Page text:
ELKO — In addition to paying for their own garbage services, county residents paid more than $100,000 over the past two years to cover waste removal for those who refused to pay their bills.
The county commission recently moved about $101,000 from a capital project fund to pay for solid waste disposal. The county contracts waste removal services for multiple sanitation districts that don’t have their own dumps. Many residents in the district that encompass Montello and Pilot Valley simply don’t pay their waste bill, leaving everyone else to pick up the tab, according to County Assistant Manager Cash Minor.
Minor wasn’t sure how many residents in the Montello-Pilot Valley sanitation district weren’t paying, but estimated it to be “a lot of people.”
The commission begrudgingly approved the reappropriation Monday.
“We’ve got to do something about this,” Commissioner Charlie Myers said. “I know you can’t shut off the service, I guess, because of the type of service it is, but there are liens and things like that.”
He said it wasn’t fair for county taxpayers to pay for garbage service in an outlying community.
“Some people choose not to participate in it or choose not to pay their bill, and somebody else is paying for them. I feel like we’re in Obamaland right now,” Myers said.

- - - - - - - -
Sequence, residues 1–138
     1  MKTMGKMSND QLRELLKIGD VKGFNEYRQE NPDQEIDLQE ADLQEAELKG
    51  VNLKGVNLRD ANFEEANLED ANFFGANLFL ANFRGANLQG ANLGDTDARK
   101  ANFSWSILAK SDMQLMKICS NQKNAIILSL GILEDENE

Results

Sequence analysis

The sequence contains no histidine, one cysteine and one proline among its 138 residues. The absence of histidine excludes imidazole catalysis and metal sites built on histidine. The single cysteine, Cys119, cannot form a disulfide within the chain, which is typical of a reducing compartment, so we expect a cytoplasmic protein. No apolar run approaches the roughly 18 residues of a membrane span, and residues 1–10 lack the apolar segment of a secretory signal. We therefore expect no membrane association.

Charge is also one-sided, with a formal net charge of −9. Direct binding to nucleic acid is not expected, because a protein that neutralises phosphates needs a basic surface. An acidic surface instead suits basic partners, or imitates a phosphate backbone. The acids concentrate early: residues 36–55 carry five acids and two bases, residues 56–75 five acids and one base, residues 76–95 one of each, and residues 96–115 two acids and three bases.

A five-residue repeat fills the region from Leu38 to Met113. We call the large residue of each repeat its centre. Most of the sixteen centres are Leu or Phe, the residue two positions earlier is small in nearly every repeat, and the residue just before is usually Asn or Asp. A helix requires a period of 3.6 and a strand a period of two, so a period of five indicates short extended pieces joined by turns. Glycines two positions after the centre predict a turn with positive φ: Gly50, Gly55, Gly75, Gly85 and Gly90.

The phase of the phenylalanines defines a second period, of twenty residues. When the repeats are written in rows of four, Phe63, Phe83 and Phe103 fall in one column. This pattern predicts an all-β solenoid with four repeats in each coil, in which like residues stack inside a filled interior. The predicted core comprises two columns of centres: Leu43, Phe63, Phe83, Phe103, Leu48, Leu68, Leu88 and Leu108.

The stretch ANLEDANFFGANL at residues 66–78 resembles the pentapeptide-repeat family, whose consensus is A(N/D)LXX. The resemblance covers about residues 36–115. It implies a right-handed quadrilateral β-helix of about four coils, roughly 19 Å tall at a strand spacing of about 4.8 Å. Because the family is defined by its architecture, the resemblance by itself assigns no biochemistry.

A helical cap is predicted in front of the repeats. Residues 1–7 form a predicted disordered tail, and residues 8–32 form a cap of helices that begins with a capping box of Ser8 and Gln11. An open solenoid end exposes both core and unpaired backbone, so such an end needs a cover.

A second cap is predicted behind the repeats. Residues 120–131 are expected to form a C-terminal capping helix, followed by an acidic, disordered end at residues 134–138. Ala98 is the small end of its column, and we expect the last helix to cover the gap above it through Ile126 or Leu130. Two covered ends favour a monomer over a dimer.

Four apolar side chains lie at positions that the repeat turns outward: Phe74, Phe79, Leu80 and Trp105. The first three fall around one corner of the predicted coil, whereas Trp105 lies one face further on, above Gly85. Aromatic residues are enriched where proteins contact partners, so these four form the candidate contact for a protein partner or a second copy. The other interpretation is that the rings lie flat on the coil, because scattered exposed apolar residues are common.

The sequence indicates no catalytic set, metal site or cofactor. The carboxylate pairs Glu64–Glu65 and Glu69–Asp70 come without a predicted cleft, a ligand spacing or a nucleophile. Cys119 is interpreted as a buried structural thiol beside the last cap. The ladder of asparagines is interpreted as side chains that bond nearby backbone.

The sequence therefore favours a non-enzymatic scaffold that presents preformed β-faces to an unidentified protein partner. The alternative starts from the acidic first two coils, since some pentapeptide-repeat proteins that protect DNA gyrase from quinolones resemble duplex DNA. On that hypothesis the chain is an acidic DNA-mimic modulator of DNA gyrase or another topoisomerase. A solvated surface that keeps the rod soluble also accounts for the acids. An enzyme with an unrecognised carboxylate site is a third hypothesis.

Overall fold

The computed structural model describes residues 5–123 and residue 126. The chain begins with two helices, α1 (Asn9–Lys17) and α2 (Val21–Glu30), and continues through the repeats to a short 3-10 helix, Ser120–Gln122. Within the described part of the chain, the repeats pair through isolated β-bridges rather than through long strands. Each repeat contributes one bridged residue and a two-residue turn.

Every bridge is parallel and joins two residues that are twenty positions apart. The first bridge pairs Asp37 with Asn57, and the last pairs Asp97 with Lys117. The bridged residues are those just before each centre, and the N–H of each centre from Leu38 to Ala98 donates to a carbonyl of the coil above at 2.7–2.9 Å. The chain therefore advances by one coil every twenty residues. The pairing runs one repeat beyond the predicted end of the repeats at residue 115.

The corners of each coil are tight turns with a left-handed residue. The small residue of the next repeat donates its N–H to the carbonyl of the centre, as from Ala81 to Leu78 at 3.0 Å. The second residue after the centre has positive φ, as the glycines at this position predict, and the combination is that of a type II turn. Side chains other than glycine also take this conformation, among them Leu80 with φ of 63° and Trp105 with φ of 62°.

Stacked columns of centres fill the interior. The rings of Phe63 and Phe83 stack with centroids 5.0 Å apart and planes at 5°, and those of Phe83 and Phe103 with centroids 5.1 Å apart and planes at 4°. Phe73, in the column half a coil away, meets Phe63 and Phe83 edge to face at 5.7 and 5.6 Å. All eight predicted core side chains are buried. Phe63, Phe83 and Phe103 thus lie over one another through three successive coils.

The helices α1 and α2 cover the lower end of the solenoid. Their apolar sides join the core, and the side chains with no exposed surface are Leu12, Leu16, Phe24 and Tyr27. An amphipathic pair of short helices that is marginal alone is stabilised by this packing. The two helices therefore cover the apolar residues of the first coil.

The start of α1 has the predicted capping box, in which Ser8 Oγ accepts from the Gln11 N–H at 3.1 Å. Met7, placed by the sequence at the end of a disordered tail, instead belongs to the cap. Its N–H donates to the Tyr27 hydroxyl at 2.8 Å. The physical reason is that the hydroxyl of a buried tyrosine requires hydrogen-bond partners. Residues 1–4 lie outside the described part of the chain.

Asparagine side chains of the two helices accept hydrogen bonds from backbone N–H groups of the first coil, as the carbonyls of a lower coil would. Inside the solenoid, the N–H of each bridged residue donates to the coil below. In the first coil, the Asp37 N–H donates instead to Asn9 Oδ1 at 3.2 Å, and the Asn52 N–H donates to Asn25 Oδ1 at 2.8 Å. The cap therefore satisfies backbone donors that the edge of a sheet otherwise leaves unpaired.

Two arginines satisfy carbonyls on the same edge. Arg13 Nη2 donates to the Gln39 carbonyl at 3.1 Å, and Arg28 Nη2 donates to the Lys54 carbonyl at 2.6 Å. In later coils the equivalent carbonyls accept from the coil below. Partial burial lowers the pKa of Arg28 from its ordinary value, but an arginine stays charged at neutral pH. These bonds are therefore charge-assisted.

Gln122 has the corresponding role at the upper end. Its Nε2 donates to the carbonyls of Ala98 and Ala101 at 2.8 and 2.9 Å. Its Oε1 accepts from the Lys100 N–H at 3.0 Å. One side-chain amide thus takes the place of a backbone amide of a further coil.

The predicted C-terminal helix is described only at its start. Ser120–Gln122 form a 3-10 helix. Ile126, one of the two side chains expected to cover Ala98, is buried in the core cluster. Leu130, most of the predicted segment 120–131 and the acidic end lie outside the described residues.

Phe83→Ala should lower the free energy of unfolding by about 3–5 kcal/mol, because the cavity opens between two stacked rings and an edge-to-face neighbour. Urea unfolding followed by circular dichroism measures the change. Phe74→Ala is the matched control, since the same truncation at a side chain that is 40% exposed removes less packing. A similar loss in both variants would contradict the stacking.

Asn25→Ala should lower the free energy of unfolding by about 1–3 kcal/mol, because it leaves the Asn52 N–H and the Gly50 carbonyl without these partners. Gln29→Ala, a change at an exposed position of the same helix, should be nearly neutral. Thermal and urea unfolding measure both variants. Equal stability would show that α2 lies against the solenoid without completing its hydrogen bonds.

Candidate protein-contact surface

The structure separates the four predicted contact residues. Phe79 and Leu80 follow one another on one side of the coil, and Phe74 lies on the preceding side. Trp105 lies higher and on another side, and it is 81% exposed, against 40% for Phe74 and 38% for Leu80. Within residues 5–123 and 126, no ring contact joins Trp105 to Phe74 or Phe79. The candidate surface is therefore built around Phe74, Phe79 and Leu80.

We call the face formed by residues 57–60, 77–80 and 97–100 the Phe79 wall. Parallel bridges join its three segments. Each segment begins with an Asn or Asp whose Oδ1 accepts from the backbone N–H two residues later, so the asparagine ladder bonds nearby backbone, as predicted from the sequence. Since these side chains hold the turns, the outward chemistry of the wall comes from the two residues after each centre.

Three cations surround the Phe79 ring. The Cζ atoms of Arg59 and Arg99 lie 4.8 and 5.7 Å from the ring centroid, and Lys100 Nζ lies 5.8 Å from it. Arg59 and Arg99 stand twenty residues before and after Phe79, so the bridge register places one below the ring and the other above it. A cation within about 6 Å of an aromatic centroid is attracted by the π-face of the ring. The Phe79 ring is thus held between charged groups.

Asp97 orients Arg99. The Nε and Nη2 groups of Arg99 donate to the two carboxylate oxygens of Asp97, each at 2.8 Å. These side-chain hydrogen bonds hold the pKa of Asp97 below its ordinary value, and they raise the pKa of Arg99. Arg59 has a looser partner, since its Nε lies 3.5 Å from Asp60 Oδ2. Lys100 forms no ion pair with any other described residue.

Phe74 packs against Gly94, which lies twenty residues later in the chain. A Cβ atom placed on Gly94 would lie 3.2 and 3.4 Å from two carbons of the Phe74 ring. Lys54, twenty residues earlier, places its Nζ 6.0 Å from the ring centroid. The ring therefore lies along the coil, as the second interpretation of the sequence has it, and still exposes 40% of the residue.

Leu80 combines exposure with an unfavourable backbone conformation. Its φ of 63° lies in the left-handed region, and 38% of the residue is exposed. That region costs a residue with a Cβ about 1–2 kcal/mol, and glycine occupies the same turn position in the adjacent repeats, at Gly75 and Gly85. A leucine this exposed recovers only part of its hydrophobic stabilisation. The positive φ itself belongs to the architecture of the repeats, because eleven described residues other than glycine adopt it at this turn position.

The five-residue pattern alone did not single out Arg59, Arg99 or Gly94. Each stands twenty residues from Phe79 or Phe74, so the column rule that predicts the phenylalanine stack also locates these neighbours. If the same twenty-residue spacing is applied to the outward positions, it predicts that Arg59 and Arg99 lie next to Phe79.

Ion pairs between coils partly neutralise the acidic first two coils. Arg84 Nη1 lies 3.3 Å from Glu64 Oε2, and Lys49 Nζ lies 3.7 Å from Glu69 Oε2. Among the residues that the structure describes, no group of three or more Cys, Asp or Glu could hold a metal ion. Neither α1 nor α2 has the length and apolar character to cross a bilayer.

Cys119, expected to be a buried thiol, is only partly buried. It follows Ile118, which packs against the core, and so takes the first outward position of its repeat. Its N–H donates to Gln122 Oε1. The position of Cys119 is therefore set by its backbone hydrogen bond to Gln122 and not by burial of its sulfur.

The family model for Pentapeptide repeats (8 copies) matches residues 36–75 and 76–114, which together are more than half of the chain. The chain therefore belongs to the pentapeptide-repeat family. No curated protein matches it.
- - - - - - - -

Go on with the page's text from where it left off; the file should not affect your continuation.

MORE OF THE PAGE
Minor said regulations passed in the late 1990s required small landfills to adhere to certain standards. At that time, the county closed many landfills and created sanitation districts. The county began contracting garbage-hauling services and sent residents the bill.
Commissioner Grant Gerber, who frequently criticizes federal policy, said government regulations are primarily to blame.
“Montello should be able to have their own solid waste pit. They shouldn’t have to haul all of that clear to Elko. It makes no sense. It’s never made any sense,” he said.
Gerber suggested the county send an annual letter to the area’s congressional delegation arguing that point.
“If enough people complain about it enough times, we will eventually get it turned,” he said.
Commissioner Jeff Williams wondered why the county couldn’t refuse to collect garbage until bills were paid. Myers said if no one collects garbage the residents will dump trash illegally — for which there is little recourse unless the individual is caught in the act.
“That becomes an issue for the county,” Myers said.
“Frankly, in 1998 when it was first changed, you saw some of that. People were dumping garbage,” Minor said after the meeting.
Myers suggested the commission explore solutions with county attorney Kristin McQueary.
“We need to have it as an agenda item and give us our options,” Commission Chairman Glen Guttry said. “... People in the city shouldn’t be subsidizing. All of us are subsidizing other folks that don’t play by the rules.”